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Rating:Top Leaders at Fido and the SEC Say Goodbye Not Rated 0.0 Email Routing List Email & Route  Print Print
Thursday, January 16, 2020

Top Leaders at Fido and the SEC Say Goodbye

News summary by MFWire's editors

A top regulator and a leading fixed income fundster are both preparing to say goodbye.

Nancy D. Prior
Fidelity Investments
President of Fixed Income
Nancy Prior, the 52-year-old president of fixed income at Fidelity Investments [profile], will retire from the Boston Behemoth later in 2020, Bloomberg reports. No successor has yet been named for Merrimack, New Hampshire-based Prior, whose unit has more than 200 staff and $1 trillion in AUM.

Meanwhile, Securities and Exchange Commission (SEC) commissioner Robert Jackson step down on February (which will be his 43rd birthday) and go back to teaching at NYU, Reuters and Bloomberg report. (He had been on leave from the Gotham university.) Jackson is an independent, though he fills one of two Democratic seats at the SEC.

Prior joined Fidelity in 2002 in the fixed income unit's legal group. Over the years, she served as: senior vice president and deputy general counsel of fixed income: managing director of credit research; president of money markets; and president of money markets and short duration bonds. She rose to president of fixed income in 2014, and at one point she oversaw both fixed income and multi-asset class strategies. Prior to joining Fidelity, she worked at a law firm, Mintz Levin. She is an alumna of Northeastern University's School and of Harvard University.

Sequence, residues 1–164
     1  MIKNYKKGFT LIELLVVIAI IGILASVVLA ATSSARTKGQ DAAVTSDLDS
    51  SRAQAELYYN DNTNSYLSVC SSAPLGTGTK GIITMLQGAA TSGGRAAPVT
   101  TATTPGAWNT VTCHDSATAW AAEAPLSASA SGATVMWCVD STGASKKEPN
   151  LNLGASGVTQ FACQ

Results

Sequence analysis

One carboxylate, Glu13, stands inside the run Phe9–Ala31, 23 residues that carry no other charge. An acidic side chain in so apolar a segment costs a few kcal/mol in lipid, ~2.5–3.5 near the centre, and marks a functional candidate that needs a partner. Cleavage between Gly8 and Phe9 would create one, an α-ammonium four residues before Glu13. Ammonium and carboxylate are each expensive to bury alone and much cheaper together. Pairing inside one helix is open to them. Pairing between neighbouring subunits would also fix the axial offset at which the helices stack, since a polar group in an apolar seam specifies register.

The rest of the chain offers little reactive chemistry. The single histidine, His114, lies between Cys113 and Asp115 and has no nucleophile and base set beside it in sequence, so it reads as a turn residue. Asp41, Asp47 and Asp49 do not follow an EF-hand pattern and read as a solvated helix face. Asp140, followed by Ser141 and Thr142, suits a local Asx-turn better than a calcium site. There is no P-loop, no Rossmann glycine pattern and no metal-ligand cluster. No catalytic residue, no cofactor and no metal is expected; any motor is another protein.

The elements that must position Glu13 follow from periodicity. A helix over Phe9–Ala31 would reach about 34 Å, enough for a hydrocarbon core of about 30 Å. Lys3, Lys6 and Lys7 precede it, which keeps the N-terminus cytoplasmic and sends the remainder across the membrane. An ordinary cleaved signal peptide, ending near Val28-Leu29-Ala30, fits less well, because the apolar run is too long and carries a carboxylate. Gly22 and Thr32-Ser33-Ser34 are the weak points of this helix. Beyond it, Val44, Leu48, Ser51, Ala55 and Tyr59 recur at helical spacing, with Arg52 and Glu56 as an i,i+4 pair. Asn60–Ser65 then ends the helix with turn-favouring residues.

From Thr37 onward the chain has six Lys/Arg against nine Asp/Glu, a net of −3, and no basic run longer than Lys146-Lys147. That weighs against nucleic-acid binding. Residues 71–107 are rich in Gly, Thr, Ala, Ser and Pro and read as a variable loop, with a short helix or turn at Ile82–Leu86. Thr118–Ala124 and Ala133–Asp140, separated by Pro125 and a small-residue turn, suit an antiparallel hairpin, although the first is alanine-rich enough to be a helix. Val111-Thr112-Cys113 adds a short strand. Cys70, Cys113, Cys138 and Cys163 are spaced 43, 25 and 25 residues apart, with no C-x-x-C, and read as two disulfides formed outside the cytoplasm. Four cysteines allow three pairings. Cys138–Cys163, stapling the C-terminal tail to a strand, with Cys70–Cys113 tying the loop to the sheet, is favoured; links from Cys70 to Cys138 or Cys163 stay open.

"She was Fidelity's bond queen — instrumental behind the scenes in shaping the trillion-dollar future of Fidelity's bond group more than a decade ago," Jim Lowell, editor of the Fidelity Investor newsletter, tells Bloomberg.

President Trump appointed Jackson to the SEC, and the academic joined the commission in January of 2018. Though his term expired in June of 2019, he could've stayed on for up to 18 more months (i.e. about a year more from now) or until the Senate confirmed a successor, whichever came first. Before joining NYU's law school, he worked at Columbia's law school and as a senior policy advisor at the U.S. Treasury. He is an alumnus of Harvard (twice over), of the Wharton School of Business, and of UPenn. 

Edited by: Neil Anderson, Managing Editor

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